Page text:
# Finding Area Using Valentine Candy Hearts

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If there is one thing I love, it is taking advantage of fun holidays to make math and school fun for kids.  School--day in and day out--can get pretty tedious and Valentine's Day is a perfect opportunity to liven things up by using conversation hearts in the math classroom!

Today, I will show you how I adapted a neat lesson for finding surface area in the book, "Family Math" by Jean Kerr Stenmark, Virginia Thompson, Ruth Cossey, and Marilyn Hill.  In it, they use the tracing of their hands and dried beans to estimate, count, and figure the surface area.  I tweaked things a bit for Valentine's Day, but you can use any shape you want and small counters to do this activity any time of the year.

Here is what your students will learn while completing this activity:

• Students will estimate and count the number of counters it takes to fill a given shape.
• Students will estimate and count the number of 1-centimeter cubes found within given shape.
• Students will demonstrate the relationship between the formula of area and the actual meaning of area.
• Students will use a given rectangle to figure the surface area of all 6 sides.

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First, give each student a piece of 1-centimeter graph paper, a quarter sheet of cardstock, scissors, pencil, and a box of conversation candy hearts.

Then, students cut a heart from their quarter sheet of cardstock.

Ask:  How many conversation hearts will be able to fit inside the heart?  How many graph paper cubes will be counted within the heart?  Students make an educated guess by writing their estimations on their heart.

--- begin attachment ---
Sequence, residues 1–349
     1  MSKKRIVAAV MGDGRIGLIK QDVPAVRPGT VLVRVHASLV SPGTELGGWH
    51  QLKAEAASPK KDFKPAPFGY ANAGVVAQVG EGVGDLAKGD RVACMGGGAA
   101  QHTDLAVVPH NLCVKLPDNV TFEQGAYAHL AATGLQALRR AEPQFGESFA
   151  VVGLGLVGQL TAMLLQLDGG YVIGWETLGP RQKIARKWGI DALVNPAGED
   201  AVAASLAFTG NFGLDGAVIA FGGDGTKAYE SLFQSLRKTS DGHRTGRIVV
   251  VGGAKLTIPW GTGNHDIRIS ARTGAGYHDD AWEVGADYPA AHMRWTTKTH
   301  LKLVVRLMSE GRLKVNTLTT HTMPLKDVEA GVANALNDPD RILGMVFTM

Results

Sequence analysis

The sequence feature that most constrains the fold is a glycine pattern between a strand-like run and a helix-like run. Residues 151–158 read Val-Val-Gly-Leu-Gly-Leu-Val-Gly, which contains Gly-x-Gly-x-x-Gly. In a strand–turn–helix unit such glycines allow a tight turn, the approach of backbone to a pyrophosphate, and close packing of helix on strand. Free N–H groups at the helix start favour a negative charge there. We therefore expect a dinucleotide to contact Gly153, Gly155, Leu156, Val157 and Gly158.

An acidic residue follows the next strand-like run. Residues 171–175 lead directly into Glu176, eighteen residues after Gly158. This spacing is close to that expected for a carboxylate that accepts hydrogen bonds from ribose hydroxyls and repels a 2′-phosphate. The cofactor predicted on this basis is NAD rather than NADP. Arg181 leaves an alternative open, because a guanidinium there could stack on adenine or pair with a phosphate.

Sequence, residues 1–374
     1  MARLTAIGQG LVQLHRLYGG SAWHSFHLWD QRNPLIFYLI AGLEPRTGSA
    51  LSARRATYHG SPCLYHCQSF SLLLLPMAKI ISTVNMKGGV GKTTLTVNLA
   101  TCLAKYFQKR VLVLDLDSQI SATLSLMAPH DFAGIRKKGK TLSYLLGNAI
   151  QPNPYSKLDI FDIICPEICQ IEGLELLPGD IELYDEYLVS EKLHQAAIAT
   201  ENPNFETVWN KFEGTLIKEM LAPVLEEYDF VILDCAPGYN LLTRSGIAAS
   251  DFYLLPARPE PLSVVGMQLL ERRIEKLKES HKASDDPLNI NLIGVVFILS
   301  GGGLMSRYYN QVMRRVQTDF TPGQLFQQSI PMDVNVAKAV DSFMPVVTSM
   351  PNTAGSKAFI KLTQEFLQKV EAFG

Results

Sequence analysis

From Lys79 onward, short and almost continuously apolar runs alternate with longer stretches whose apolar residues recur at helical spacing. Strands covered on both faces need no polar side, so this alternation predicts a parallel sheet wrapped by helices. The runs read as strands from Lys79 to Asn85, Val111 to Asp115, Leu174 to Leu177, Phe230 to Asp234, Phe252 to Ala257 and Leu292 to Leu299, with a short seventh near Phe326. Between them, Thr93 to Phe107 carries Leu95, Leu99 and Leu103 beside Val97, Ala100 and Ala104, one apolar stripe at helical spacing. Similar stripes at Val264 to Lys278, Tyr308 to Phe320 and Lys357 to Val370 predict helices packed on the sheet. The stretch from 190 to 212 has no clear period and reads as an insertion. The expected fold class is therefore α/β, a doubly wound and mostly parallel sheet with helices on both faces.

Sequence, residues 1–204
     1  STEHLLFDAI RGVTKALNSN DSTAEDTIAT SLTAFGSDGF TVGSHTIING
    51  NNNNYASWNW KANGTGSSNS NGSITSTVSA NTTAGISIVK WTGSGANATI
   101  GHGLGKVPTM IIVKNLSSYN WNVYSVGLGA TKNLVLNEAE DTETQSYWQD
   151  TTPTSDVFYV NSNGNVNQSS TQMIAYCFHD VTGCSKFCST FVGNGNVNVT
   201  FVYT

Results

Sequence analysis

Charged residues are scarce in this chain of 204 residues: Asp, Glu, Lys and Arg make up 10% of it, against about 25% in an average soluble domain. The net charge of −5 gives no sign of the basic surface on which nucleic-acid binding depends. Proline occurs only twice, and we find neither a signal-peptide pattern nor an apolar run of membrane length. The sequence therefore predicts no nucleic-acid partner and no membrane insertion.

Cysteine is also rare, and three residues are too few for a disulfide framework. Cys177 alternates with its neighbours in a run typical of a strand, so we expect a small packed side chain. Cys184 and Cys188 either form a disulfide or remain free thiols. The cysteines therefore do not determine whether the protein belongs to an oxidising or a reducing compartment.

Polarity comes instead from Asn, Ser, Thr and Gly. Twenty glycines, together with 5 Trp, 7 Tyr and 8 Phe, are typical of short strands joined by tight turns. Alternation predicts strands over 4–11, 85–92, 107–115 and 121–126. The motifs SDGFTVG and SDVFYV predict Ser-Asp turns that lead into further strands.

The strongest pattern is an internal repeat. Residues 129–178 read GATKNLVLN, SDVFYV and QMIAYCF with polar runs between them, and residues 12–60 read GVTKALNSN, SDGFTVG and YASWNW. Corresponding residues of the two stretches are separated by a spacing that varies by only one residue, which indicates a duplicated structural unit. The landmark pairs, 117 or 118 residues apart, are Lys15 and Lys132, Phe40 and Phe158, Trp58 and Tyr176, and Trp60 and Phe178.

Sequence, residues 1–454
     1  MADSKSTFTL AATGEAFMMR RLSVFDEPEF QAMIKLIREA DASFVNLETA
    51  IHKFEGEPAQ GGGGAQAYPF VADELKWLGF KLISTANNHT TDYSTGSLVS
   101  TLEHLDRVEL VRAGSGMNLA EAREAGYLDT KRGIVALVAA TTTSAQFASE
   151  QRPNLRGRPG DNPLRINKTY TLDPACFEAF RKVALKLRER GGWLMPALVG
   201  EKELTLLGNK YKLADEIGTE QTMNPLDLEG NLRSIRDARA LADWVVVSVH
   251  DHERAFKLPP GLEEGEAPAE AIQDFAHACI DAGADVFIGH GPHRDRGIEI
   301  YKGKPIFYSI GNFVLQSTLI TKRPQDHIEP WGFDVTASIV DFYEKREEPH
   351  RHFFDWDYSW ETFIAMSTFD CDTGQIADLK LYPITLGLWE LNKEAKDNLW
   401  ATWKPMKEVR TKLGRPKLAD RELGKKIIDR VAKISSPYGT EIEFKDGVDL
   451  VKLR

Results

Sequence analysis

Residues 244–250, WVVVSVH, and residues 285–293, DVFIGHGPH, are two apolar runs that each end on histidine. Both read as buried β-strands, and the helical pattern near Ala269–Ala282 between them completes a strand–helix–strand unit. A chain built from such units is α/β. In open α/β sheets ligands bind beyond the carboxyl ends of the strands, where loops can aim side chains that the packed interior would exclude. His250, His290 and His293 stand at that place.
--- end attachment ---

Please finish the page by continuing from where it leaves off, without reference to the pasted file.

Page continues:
Ask students to trace their heart on the graph paper--twice.

Arrange the candy hearts within the heart outline as neatly as possible without leaving too many gaps.  Students can place their hearts on its side and count it as a 1/2 heart if needed.  Count the hearts and place the answer above it.

Now, count the cubes found within the second heart.  Students will need to average the number of cubes present by adding incomplete cubes together with other incomplete cubes (1/4 or 1/2 or 3/4) to count for a whole cube.  Write the total number of cubes above it.

Students and teacher discuss the difference between the estimations and the real answers.  What did they learn?

Now, give students another piece of graph paper (invite the students to eat the candies if you like), and instruct them to trace all six sides of the box onto the graph paper, making sure to line up the box against a row to ensure that they will not have to count incomplete cubes.

Students place the formula for area at the top of their papers and proceed to multiply the length X the base in order to find the area for each section of the box.  When finished, students add the numbers for the individual sides together to get the complete area for the entire box.  Check answers with neighbors.

I had one student who pointed out that she needed to only trace three sides of the box because they were identical to the other three sides.  She reasoned that she simply could multiply the answer by 2, at the end.  Good for her!  I was happy that she made that connection and encouraged her to show me her work in the way that made the best sense to her.  It is so important to empower kids to go forward in their thinking if they are able!

I really appreciate how this activity allows students to explore the fact that surface area is simply counting the boxes inside the shape.  They also learn that they can speed things up and be even more efficient by knowing the formula for area and exercising that knowledge to find the surface area quickly!

If you have any fun Valentine math activities to share, please link them below in the comments section.  I'd love to share them!